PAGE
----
The Case of the Missing Currency
AbstractIn late 1992, currency in the hands of the public was close to $300 billion, representing nearly 30 percent of M1. One would think that an economic variable of this magnitude would be well-analyzed and well-understood. Quite the contrary. The last serious surveys of currency holdings commissioned by the Federal Reserve were in 1984 and 1986. These surveys indicate that currency demand is not at all understood. Probably the most intriguing and newsworthy result of these surveys was that about 80 percent of currency holdings simply could not be explained. Despite the stir of general interest that followed those studies, economists have shown little lasting interest in considering the implications of these findings. This paper is written in hopes of stimulating more interest in currency behavior.
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Bibliographic InfoArticle provided by American Economic Association in its journal Journal of Economic Perspectives.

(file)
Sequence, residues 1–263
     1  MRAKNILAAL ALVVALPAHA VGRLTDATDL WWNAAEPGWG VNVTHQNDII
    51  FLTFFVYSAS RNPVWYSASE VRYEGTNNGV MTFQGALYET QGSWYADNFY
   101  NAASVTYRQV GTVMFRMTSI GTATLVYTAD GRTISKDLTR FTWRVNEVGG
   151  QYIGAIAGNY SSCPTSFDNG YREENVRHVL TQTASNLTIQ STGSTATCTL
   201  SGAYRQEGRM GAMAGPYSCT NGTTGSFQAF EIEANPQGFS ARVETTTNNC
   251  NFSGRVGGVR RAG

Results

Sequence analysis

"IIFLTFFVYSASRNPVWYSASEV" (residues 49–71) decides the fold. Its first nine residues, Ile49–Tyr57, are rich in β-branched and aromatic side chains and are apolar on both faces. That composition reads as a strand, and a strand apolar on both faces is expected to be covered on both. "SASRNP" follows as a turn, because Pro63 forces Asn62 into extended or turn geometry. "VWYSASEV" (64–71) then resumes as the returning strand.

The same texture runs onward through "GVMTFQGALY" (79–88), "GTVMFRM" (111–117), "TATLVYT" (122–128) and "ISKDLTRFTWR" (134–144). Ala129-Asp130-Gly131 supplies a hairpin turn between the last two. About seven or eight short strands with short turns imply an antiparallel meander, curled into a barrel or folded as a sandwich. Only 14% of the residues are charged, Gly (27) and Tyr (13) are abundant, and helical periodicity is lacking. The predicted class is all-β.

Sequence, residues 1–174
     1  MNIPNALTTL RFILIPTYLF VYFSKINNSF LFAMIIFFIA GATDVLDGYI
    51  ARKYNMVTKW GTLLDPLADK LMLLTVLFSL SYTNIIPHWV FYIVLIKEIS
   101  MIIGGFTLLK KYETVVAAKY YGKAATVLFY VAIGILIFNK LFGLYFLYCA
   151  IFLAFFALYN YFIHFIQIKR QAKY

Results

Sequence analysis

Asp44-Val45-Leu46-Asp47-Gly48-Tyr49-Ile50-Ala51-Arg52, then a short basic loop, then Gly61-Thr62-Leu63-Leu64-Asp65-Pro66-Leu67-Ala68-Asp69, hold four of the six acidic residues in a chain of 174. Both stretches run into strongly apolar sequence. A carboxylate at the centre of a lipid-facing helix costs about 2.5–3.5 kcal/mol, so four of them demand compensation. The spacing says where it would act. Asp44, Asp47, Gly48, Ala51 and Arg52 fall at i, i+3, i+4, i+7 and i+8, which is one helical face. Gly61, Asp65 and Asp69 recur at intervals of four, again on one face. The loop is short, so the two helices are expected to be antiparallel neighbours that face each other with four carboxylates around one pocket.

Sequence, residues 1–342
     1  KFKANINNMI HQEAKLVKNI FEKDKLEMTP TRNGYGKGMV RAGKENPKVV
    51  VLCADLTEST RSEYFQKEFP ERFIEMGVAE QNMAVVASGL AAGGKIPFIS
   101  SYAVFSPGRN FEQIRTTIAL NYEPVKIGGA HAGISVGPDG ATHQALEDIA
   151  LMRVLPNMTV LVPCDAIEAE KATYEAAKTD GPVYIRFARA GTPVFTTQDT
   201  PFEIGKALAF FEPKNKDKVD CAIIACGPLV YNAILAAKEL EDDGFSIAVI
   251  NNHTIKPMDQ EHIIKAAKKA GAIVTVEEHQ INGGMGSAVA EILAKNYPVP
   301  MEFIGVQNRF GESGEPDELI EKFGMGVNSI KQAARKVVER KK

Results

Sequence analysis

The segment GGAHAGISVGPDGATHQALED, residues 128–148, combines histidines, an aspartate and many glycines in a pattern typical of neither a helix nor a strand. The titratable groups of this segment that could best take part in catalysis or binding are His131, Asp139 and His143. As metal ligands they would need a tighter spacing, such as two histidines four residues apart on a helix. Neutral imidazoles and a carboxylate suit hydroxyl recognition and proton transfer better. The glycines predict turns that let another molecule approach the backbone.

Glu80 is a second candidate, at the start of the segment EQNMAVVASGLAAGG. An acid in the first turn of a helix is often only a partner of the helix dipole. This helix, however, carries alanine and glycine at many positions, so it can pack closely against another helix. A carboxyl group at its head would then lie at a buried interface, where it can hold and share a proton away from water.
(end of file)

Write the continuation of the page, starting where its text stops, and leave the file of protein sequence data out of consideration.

Volume (Year): 7 (1993)
Issue (Month): 4 (Fall)
Find related papers by JEL classification:
- E41 - Macroeconomics and Monetary Economics - - Money and Interest Rates - - - Demand for Money
Please report citation or reference errors to , or , if you are the registered author of the cited work, log in to your RePEc Author Service profile, click on "citations" and make appropriate adjustments.:
- Whitesell, William C, 1989. "The Demand for Currency versus Debitable Accounts: A Note," Journal of Money, Credit and Banking, Blackwell Publishing, vol. 21(2), pages 246-57, May.
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